One of my clients has been the victim of ransomware, delivered via an email attachment which was opened by an employee (supposedly about a Fedex delivery). Apparently all files on the whole network were encrypted, which included all recent backups, and their business critical database. Their IT guy spent a day researching the issue, and apparently the only practical advice found was to pay the £250 ransom. They did so (getting hold of the bitcoins was an “adventure”) and fortunately their files were duly decrypted as promised.
They concluded that the infected computer should be permanently quarantined and replaced. However, there were two further issues which none of the online information pages had mentioned.
1. The decrypted database could not be opened; it was reported to be corrupted. They were forced to purchase a third party repair product. Luckily this worked, but it also recovered all the old deleted records, so a lot more computer work was then needed.
2. At some point during this attack, the contents of the database must have been stolen via the Internet. A couple of days after the incident, a series of very dodgy SMS messages were sent to private mobile phone numbers which were only held in that database. This included staff and customers, who, therefore, had to be informed of the theft of some very private personal details, and advised on defensive action. The industry regulators and the Data Protection Agency also had to be informed, of course.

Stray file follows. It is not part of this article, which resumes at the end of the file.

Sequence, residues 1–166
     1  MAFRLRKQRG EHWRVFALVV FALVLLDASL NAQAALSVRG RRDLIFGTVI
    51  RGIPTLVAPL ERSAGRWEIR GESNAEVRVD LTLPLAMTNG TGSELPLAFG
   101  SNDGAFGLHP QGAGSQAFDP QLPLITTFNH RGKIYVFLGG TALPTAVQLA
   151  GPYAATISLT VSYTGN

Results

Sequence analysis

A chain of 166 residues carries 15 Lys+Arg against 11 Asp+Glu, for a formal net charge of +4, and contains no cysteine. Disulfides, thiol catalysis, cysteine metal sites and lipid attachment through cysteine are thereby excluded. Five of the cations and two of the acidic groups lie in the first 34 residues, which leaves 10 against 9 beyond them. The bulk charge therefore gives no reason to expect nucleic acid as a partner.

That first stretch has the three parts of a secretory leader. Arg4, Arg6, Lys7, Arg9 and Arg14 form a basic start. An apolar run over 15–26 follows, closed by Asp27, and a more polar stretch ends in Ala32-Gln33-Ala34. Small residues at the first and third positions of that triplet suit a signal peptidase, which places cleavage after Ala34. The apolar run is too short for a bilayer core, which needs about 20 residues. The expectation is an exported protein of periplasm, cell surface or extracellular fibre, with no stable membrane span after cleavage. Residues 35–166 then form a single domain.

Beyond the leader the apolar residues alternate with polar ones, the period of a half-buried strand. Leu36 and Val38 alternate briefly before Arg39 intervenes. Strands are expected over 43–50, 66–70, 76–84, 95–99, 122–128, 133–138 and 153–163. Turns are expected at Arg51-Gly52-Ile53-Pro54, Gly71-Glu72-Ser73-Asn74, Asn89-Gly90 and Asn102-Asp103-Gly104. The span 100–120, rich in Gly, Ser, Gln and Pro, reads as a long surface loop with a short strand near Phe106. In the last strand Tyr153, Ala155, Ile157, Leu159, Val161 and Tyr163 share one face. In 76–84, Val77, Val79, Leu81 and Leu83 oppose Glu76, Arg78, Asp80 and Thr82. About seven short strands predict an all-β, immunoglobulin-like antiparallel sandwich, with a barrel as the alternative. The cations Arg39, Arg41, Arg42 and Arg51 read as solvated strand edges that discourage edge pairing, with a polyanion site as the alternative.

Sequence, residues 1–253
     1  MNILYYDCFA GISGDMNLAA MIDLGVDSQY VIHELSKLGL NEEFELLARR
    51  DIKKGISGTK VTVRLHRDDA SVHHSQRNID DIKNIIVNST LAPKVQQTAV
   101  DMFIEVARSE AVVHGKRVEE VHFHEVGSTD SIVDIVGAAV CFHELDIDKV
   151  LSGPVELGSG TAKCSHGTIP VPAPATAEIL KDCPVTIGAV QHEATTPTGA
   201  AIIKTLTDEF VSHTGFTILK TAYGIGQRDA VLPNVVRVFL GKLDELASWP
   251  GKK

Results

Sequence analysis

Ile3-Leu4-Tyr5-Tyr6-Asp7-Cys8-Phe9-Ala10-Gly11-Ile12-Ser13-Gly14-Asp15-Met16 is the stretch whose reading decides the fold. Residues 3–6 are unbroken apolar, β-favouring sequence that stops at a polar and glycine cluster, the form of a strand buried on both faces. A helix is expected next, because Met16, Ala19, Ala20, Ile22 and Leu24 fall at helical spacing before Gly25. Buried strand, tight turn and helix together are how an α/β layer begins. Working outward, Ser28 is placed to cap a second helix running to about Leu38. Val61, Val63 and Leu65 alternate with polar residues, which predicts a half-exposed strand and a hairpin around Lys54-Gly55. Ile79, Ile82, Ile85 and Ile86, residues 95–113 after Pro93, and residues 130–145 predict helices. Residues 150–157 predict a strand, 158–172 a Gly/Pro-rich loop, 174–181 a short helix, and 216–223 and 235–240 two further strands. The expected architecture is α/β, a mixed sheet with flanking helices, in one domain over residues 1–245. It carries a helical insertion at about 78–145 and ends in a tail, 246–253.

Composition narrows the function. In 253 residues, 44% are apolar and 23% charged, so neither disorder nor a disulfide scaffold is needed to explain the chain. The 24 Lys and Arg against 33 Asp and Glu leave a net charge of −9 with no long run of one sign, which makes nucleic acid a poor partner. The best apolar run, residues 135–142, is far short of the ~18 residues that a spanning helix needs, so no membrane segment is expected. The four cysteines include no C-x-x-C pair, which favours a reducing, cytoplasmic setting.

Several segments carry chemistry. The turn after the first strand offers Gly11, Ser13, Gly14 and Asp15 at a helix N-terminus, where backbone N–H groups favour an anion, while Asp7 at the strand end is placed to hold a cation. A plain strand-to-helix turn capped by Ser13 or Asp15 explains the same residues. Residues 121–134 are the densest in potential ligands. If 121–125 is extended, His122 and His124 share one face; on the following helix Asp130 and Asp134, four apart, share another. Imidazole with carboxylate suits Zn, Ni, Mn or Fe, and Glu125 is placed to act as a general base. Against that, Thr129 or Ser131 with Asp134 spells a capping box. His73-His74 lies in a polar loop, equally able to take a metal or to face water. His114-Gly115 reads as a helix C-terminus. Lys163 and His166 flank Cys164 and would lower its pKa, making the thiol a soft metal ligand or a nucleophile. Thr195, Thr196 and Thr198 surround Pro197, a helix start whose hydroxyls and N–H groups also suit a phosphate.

All in all, substantial expense and disruption, and a huge amount of damage to the business, caused by the careless opening of an apparently plausible attachment. This episode also underlines the advantage of rotational backups onto removable media.